Sunday, March 22, 2009

If Christainity were true, Jesus would probably be Satan in disguise

According to Christians, Satan is the ultimate deceiver. Furthermore, we are told, Satan has been given dominion over the earth. His task here is to prove to God that mankind is unworthy of God's love, kindness, and mercy, and in fact, given even a modicum of temptation, most men will invariably fall to his devices and succumb to the petty pleasures which God has set morality at variance against. Satan is perhaps seen as the second strongest force next to God himself, the epitome of evil, lies, and deception, and will stop at nothing to mask the truth and manipulate mankind. Christians generally agree Satan is no fool. While he is undoubtedly evil and malicious, he is incredibly cunning. In fact, Christians think Satan is both the most evil being, and, short of god, the cleverest. We can thus sum up the Christian view as follows:

1) Satan is the most evil being possible

2) Satan is possessed of supernatural intelligence, far exceeding that of mortal human beings.

Accordingly, the tactics he employs in the world to deceive us should be both evil AND incredibly clever.

So far so good. But why, then, do Christians think Satan's strategy for corrupting us is so transparent, so obvious? What hubris they have to suppose that of all beings on the planet, only they possess the intelligence, wisdom, and acuity to pierce through his deception - while at the same time affirming that moral goodness is obvious and self-evident! If they were, how on earth could Satan POSSIBLY deceive us? The best we could say is that people willingly choose evil, not that we are deceived. But Satan is, we are assured, the "father of lies" and fools us on a daily basis.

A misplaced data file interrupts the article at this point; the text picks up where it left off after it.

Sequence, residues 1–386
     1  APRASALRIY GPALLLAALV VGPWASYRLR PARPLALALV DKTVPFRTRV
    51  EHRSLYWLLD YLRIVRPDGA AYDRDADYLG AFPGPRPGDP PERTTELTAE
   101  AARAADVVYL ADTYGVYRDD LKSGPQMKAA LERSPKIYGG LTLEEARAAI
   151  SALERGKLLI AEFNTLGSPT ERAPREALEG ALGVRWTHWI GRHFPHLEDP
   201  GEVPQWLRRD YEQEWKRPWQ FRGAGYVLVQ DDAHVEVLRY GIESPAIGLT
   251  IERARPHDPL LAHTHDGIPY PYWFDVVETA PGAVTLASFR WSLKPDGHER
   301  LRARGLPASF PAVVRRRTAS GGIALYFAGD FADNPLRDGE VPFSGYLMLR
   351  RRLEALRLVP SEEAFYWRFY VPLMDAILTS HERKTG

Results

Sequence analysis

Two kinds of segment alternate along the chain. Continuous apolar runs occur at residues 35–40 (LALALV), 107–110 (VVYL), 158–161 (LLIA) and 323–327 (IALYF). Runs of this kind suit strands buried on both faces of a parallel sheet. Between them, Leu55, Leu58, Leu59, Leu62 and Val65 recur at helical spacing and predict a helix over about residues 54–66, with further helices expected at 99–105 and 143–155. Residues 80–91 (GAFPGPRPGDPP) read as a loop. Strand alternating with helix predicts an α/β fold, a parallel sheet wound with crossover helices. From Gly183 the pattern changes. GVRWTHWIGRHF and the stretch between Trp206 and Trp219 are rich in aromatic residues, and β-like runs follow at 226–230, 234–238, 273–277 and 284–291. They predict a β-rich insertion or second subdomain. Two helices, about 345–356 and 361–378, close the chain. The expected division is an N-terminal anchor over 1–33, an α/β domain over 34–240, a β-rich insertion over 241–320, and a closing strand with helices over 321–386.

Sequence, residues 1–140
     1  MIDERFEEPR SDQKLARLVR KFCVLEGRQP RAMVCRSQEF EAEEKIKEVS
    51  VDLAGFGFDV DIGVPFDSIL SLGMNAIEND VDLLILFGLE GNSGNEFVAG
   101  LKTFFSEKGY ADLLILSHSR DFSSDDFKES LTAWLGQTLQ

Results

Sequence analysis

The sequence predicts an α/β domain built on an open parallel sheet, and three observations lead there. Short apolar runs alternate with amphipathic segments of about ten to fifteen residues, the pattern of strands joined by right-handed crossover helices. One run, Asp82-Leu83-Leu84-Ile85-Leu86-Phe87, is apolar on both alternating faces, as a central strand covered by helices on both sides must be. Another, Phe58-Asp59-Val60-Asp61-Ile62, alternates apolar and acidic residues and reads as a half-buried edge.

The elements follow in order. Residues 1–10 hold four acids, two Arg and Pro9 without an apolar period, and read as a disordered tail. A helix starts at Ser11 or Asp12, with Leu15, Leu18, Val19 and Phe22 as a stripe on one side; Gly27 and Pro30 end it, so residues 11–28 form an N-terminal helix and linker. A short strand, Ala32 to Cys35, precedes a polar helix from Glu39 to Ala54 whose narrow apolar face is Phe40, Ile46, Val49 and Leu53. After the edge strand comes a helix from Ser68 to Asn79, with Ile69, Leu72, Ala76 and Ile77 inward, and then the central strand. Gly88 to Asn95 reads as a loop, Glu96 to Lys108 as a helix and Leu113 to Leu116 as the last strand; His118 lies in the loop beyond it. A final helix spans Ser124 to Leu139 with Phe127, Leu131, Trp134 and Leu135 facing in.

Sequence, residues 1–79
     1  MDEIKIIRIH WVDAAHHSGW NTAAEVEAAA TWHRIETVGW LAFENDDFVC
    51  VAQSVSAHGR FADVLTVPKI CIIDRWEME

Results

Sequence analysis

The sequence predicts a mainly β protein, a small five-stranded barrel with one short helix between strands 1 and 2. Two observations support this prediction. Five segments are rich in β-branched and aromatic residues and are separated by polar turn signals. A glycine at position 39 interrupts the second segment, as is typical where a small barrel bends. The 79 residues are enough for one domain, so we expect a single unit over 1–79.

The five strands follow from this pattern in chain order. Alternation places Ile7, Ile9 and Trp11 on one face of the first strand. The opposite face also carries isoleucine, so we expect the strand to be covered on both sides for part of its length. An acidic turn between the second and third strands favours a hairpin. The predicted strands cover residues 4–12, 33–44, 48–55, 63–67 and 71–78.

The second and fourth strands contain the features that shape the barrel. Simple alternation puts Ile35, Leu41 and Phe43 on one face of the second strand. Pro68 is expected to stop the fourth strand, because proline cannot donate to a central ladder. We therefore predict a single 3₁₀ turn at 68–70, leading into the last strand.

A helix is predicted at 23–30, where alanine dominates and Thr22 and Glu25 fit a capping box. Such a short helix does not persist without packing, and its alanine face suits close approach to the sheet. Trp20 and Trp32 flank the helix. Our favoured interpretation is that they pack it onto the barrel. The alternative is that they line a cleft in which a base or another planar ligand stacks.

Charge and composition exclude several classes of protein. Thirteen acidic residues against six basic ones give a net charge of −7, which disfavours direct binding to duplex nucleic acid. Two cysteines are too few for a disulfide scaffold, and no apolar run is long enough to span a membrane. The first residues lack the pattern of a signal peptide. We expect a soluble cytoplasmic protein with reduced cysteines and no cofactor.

I propose that, if Christian theology is true, that Satan as the ultimate deceiver, has in fact developed the ultimate strategy of deception. And how would Satan do this? By convincing us that he himself was God. Since Christians see God as the ultimate source of truth. And here is the clincher. Ultimately, God wants us to obey his laws and his commands. They aren't necessarily the nicest, or most loving of commands, but what God, in his omniscience and omnipotence, has decreed the most just. Jesus came to, Christians say, fulfill and remove the necessity of the old laws, and replace them with something kind and loving. But if Jesus were not really God or God's messenger, would it really matter if what he replaced the old law with was something nice, or something nasty and malicious? No, it would not.

All that would matter is that we were deviating from God's laws. Regardless of what we replaced them with, no matter how good we are convinced they are, they are not God's laws, and hence all of us would be violating God's laws. If your goal were to trick people into violating God's will, why would you try to entice us to do what is obviously evil, rather than entice us to do what is relatively benign, but still in violation of god's commands and hence, from God's point of view, a sort of evil, a transgression and violation of his divine command? If whatever God wills is the good, this would in fact be fact a form of evil, however counterintuitive this may seem.

And this is exactly what Jesus implores us to do. Jesus says we don't have to follow the old rules anymore, but in a way that convinces the believer that, rather than abandoning these laws, he himself can serve as a surrogate, a conduit through which God can be appeased. Isn't this exactly what an incredibly clever, incredibly malicious being would do? We're all familiar with the phrase "A wolf in sheep's clothing". Satan, no doubt, is too. But wouldn't a much more clever deceiver pose as the shepherd?

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